Now that the character is the cornerstone of one of the best and most promising blockbuster properties in recent years, it’s a genuine headscratcher for a lot of people as to why Fox didn’t get their act together sooner concerning Deadpool. His first movie was a record-breaking smash hit on a relatively light budget in the blockbuster off-season. And, if the early word on the sequel is any indication, Deadpool 2, with its upgraded release date and studio support, is looking to be cut from the same cloth.
By rights, Deadpool really didn’t have all that much going for it compared to those Wolverine movies (or even, really, all those terrible Fantastic Four movies) and yet it turned out to be one of the best movies of the year, both critically and commercially. It paved the way for other R-rated X-Men spinoffs, like Logan, and singlehandedly changed the way that we thought of the X-Men movies.
Looking back on the history of Deadpool on the big screen, though, it’s a genuine head-scratcher as to why it took so long for somebody to make a decent movie out of the character. Even if he never had the same mainstream appeal of Marvel’s other mutants, he has proven to be an enduringly popular character whose notoriety has only grown with the increasing ubiquity of the internet and “meme culture.” He offered some much needed respite from the relatively doom-and-gloom X-teams (especially given how they appeared in movies since 2000: black leather and brooding as anything).
Interestingly, the character was pitched for spinoff movies in the early aughts: even before X-Men Origins: Wolverine and all of the planned, and subsequently canceled, solo mutant movies. Understandably, at least for the time, the idea was met by considerable resistance within Fox. Pretty much everything about the character screamed the need for an R-rating: an aberration in the genre under even the best of circumstances, and resoundingly not in line with where the industry had been heading for the past decade.
The last R-rated super franchise was Blade, which was so obscure and distanced from costume crime-fighters that one could be excused for thinking that it was an original property, and certainly not one chasing after X-Men’s, Spider-Man’s and Batman’s successes. And while there were a couple more to come out of the 90’s, pretty much all of them fell under the radar and resisted comparison to other superhero series. Darkman, which Sam Raimi came up with when he failed to secure the Batman film rights, was dark, brooding and had more immediately in common with the deranged Phantom of the Opera than Gotham’s Dark Knight. The Crow was a sadistic, supernatural revenge flick based on an obscure comic.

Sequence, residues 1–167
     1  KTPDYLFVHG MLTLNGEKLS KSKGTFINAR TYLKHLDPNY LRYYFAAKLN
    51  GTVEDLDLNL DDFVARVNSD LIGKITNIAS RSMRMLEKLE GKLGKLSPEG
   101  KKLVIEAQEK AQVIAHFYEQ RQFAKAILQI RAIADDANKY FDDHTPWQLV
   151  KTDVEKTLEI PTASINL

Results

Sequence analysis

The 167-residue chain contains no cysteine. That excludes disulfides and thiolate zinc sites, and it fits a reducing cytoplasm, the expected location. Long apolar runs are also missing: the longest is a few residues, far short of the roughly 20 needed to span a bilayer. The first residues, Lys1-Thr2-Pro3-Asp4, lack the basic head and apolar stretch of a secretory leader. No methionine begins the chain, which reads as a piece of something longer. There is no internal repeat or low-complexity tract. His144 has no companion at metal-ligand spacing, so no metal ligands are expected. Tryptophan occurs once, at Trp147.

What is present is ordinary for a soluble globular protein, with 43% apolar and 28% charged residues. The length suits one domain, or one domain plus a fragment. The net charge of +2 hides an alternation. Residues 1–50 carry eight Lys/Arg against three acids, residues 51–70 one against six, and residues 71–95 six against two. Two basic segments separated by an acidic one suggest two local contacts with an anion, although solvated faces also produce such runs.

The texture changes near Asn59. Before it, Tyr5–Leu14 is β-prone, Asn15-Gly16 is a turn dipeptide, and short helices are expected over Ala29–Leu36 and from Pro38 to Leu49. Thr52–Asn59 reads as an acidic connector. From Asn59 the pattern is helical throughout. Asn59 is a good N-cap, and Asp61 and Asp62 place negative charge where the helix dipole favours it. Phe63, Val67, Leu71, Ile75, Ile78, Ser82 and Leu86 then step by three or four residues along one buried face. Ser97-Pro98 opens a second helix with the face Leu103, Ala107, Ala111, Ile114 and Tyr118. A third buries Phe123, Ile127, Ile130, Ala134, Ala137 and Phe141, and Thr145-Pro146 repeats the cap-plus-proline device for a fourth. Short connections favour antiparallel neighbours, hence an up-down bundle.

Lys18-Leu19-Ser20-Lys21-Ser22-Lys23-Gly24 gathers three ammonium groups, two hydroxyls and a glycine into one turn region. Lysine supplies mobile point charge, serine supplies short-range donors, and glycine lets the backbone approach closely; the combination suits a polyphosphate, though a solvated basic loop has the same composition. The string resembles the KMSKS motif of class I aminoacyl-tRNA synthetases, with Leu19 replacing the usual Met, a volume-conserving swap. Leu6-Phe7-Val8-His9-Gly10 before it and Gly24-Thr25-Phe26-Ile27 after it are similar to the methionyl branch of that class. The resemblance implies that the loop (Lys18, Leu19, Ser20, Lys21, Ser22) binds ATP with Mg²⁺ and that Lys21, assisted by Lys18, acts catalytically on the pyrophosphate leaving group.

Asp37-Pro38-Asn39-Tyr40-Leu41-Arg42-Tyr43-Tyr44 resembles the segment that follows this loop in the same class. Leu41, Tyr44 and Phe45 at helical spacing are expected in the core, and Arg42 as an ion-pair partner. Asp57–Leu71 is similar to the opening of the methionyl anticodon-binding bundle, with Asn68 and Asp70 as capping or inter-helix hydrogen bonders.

And so Deadpool was shelved, only to be partially resurrected when X-Men Origins needed a third-act bad guy to punch. But even then, it was hardly the Wade Wilson that we had been promised. A victim of the 2007-2008 Hollywood Writer’s Strike, the film was rushed into production without a finished script, with Ryan Reynolds forced to improv most of his own dialog. And in the end, director Gavin Hood and Fox themselves decided to write off the issue and just sew the character’s mouth shut when he resurfaced near the end of the movie. Thus, the “Merc with a Mouth” failed to even live up to the name.
Another few years came and went, but Ryan Reynolds simply didn’t let the issue go. Between his constant pushing for a true-to-form Deadpool movie, and parallel rumblings from the Wolverine camp to let that character off of the short-and-profitable leash that Fox had weighed him down with, they eventually got the go-ahead on the movie.
Here’s where things get a little wonky, and the story changes depending on who you ask, but the impression that I always got of the situation is that Fox never greenlit the full project. Either that or they greenlit it on far too low a budget to really make work. So director Tim Miller shot (most of) the opening action sequence from the film and leaked the test footage to the public. Regardless of whether it was a calculated proof-of-concept or a genuine accident, the footage resonated with audiences and began the long and overwhelmingly positive press that followed the film’s production into the theaters nearly a year later.
And, well, that’s the shifting and often bizarre story of how Deadpool went from a comic book fan favorite to what is going on one of the most dominant franchises on the planet. Even with the pending buyout of Fox by Disney, I don’t expect that the character will change much, if at all. We’ll get a few off-color jokes about the rights transfer or joining up with the Avengers or maybe even a few of his supporting cast dissolving like half of the A-listers at the end of Infinity War. After that, though, the series will chug along, unhindered, same as it would have otherwise.